Most cases of short-sightedness are caused by a combination of genetic and environmental factors that disrupt the normal growth of the eye. If one of your parents is short-sighted, you have around a 40% chance of developing the condition yourself. This increases to around 60% if both of your parents are short-sighted.

The most common treatment for myopia is to correct your eyesight using glasses or contact lenses.

Hypermetropia (more commonly known as hyperopia)

Hypermetropia/hyperopia, also known as long-sightedness, is a common condition that affects a person’s ability to see objects close to them.

Refractive errors, such as long-sightedness, are usually identified during early eye examinations. Long-sightedness occurs when the eyeball is too short, the cornea is not curved enough, or when the lens is too thin.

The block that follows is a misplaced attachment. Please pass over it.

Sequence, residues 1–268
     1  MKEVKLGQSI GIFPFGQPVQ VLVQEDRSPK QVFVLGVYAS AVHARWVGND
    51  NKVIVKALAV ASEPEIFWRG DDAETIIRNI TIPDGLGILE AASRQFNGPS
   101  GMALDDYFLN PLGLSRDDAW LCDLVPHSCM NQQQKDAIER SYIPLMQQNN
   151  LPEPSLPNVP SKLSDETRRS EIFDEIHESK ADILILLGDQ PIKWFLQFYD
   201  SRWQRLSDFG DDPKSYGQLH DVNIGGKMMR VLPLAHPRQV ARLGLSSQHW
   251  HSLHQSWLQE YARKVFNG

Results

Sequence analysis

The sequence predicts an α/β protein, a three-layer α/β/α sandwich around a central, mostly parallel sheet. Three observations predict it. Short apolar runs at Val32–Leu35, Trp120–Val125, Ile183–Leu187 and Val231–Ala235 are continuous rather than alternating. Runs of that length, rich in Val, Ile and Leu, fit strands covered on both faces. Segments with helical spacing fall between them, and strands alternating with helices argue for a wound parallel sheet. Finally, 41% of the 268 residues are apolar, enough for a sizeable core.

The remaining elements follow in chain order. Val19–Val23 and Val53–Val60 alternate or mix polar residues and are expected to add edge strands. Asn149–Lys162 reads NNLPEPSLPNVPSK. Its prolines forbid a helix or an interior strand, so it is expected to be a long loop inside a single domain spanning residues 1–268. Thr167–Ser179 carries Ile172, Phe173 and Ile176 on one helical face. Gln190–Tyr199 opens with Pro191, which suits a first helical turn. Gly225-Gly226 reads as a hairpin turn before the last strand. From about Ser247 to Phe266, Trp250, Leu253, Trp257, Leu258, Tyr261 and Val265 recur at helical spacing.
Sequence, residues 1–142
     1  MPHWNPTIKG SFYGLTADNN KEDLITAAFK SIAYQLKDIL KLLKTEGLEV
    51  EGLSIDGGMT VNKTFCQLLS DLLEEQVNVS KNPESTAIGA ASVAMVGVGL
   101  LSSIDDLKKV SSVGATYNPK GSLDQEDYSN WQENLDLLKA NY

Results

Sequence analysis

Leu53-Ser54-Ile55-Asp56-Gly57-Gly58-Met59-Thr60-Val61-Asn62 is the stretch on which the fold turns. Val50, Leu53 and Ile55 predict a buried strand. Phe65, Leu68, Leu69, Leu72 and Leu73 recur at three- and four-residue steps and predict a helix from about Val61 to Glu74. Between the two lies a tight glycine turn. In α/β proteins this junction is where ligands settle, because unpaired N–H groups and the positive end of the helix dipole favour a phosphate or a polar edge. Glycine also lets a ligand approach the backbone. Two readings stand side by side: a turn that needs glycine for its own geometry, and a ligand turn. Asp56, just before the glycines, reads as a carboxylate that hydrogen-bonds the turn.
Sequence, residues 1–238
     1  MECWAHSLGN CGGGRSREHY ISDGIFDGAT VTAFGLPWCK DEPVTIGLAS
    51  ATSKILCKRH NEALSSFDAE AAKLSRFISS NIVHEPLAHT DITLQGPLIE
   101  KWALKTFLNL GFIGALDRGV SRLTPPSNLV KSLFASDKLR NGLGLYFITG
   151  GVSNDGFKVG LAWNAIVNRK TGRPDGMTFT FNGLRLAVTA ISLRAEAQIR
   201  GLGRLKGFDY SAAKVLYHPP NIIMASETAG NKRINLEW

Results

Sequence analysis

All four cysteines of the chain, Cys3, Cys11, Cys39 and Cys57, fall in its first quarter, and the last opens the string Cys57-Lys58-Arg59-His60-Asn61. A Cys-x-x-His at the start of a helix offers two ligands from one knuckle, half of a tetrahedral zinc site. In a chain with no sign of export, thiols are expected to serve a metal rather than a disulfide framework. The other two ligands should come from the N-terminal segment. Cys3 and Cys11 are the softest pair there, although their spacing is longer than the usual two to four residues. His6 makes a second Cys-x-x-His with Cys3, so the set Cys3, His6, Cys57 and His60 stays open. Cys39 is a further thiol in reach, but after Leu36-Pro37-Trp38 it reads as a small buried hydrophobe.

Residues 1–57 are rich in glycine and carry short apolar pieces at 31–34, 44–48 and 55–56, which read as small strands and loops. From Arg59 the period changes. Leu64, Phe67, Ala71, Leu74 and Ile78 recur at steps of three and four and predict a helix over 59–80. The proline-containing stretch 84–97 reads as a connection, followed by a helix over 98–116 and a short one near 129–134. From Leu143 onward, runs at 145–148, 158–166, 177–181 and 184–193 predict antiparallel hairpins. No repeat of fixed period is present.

Long-sightedness can occur at any age, but it is more noticeable after the age of 40. Age-related long-sightedness is known as presbyopia. It develops when the lens in your eye becomes stiffer.

Long-sightedness is often corrected using glasses, contact lenses, or laser surgery.

Presbyopia

Presbyopia is the medical name for age-related long-sightedness, a type of refractive error that develops when the lens in the eye becomes stiff. It is a normal part of ageing, and not a disease that simply means that as you get older, you may find it more difficult to focus on nearby objects.

Wearing reading glasses or contact lenses can help to lessen the affects of presbyopia.